Chauster blog: The Decline of NA Competitive Skill
With the recent announcement of Scarra’s relinquishing of his position, I thought that it would be a good time to talk about League of Legends and its competitive skill level. There have been lots of discussion going on in the past few years regarding how stagnant the NA competitive scene seems to be. Players that were really good back in the day now seem to have tapered off, yet there are very few new players who can easily fill in their shoes. Is this a phenomenon of NA solo queue being useless due to incessant trolling and raging? Or are the players and management to blame for not being “open minded” to trying out new potential candidates? I am of the opinion that the potential player pool is lacking because players do not improve significantly over time.
The players that we all know and love are all popular for a reason: they can play the game. There is no doubt in anyone’s mind that Scarra was one of the biggest reasons that Dignitas was a top 3 team in NA for such a long period of time. This sentiment extends out to Reginald for TSM, Saint/Voyboy for CRS, and to Hotshot/Jiji/myself for CLG. After a few years, people would naturally assume that better players would come and surpass us. The sad thing to realize is that at any given time (with proper preparation of course) any one of these old players could come back from retirement to play and do well in the LCS. I believe this is possible because the skill ceiling of players is reached too quickly with almost no room to grow. How many players can you name that weren’t good early in their career and eventually became superstars without a major flaw? If you were considered a legitimately good player years back, you will always be a legitimately good player. All of the old players who never reached the professional stage were never really at that skill level in the first place, and the people who are in the limelight have always been at that skill level.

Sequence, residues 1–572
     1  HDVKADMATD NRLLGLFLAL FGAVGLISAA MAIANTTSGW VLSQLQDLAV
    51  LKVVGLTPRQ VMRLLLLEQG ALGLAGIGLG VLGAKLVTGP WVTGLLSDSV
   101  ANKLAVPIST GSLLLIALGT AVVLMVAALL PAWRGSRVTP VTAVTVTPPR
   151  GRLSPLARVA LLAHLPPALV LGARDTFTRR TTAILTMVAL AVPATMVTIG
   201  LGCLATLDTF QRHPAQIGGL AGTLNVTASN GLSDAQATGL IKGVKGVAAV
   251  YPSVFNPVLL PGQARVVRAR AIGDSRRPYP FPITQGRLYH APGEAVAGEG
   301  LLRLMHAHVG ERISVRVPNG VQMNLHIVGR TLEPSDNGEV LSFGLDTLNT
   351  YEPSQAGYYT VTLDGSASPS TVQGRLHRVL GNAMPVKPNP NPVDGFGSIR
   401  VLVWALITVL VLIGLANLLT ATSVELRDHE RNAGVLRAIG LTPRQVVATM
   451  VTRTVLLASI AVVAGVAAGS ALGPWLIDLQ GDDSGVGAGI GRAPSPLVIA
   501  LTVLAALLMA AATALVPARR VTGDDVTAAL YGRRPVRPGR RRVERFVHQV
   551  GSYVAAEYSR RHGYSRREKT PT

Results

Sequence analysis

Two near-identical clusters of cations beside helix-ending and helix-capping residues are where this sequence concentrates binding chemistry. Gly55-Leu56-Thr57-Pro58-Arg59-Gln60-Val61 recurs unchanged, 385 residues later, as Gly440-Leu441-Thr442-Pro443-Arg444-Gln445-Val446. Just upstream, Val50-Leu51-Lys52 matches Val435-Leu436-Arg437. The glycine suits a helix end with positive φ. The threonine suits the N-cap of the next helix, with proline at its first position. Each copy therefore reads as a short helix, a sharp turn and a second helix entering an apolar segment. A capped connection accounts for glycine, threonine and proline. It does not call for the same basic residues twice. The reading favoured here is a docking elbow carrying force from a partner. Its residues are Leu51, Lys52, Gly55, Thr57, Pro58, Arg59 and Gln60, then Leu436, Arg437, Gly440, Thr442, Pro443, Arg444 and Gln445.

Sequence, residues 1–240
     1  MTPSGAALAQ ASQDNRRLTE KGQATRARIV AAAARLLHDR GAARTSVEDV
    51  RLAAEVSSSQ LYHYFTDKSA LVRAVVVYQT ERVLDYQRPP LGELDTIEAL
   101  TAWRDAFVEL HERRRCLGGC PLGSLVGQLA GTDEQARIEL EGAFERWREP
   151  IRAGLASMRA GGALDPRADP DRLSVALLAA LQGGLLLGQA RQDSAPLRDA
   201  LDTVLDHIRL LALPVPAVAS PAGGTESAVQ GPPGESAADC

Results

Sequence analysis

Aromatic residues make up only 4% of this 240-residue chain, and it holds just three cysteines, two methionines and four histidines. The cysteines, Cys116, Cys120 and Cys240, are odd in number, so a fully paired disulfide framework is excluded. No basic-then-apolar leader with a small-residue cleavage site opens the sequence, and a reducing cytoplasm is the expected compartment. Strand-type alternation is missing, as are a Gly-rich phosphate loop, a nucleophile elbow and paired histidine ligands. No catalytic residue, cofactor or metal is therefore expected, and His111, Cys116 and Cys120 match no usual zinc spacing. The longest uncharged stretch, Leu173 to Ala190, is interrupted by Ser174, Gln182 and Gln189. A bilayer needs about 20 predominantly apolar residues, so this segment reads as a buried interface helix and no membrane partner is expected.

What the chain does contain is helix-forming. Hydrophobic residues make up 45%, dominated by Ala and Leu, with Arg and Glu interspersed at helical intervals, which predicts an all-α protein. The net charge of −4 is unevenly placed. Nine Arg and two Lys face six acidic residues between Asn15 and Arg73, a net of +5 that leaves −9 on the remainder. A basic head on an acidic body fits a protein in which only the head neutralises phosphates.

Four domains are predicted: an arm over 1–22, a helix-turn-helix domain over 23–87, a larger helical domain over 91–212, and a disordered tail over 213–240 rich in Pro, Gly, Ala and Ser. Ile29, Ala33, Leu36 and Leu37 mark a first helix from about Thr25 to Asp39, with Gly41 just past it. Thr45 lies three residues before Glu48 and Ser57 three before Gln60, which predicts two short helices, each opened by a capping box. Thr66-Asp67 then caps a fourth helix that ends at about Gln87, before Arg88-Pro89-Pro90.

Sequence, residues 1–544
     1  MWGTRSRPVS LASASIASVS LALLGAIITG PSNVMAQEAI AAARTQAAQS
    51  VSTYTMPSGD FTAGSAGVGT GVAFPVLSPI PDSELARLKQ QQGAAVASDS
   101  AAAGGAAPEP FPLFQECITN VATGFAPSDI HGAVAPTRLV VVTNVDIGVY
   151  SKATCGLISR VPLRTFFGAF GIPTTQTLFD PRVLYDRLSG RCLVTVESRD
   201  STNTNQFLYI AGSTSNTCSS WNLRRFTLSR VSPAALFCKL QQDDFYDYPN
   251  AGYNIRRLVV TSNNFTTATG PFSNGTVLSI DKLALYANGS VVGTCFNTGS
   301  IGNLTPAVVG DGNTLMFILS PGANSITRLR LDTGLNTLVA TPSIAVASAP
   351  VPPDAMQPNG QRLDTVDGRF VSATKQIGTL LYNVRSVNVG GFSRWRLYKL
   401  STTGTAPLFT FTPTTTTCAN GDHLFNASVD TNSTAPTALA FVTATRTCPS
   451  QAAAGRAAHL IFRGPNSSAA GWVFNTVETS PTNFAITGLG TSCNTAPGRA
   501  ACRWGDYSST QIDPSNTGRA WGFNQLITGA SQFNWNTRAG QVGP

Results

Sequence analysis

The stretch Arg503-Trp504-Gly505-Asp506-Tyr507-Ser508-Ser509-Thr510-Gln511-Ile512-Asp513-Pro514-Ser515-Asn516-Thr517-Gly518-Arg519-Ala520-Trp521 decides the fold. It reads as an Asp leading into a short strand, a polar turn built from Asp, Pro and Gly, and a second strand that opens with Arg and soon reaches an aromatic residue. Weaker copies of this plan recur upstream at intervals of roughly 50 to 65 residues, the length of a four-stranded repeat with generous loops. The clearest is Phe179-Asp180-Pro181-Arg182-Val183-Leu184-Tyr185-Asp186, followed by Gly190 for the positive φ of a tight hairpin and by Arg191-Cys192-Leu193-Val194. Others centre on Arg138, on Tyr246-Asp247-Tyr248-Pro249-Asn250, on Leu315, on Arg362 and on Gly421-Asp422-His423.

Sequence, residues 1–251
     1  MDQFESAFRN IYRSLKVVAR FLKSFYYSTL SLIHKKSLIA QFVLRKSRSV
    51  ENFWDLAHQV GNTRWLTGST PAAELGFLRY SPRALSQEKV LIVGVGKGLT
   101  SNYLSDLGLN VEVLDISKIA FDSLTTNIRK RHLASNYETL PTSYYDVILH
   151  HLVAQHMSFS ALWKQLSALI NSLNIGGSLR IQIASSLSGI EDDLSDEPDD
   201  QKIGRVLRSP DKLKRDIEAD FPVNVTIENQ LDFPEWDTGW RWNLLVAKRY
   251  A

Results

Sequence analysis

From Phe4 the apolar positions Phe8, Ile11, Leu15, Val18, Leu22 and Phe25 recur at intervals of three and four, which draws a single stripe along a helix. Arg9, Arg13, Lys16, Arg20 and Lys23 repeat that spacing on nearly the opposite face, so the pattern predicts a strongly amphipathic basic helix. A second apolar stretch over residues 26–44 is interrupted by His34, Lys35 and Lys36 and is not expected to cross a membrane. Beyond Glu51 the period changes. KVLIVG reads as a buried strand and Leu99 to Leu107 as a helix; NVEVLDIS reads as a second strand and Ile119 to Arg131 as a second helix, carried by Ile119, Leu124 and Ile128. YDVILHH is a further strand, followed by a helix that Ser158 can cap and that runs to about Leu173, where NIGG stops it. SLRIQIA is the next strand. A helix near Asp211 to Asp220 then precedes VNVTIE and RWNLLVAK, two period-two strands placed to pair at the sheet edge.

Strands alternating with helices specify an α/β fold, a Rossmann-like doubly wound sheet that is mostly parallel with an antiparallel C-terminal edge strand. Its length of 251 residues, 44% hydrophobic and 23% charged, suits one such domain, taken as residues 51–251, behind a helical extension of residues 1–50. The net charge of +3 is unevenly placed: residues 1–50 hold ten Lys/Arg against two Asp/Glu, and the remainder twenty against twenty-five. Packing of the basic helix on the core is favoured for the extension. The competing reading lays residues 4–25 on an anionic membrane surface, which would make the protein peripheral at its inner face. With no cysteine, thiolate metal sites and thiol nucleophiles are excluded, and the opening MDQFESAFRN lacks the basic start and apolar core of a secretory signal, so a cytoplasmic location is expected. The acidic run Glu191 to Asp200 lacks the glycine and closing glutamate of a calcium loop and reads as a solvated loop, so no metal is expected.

Many people think that solo queue players at the Challenger level are good players, and capable of being good performers in the LCS. While I know that are a few good Challenger level players, I think this mentality is very flawed. Many Challenger level players have no idea about game flow and lack the knowledge needed to play at a competitive level. The reason solo queue players are unable to match up to the LCS players is because solo queue itself plays completely different than a competitive game. Objectives are almost never prioritized, and the atmosphere is very casual and relaxed. LCS players are supposed to be the motivators here, but after a long day of scrimming it is very hard to continue to play like a robot to perfect execution and decision making. Because of this, the solo queue players who needed the game flow lessons are left short handed, and the scene suffers as a whole. This lowers the player pool for viable competitors, making recruiting new faces increasingly difficult.
If all of the current LCS teams suddenly died to a meteorite and LCS would have to rebuild every team from scratch, the skill level would be significantly lower than the current teams. The amount of competitively viable players is far too low. The amateur scene has been growing and is probably the best source to choose potential replacements, but it still is not enough. This is why you will still see old faces lingering here and there. Players who have shown that they were competitive early in their career will continue to be competitive.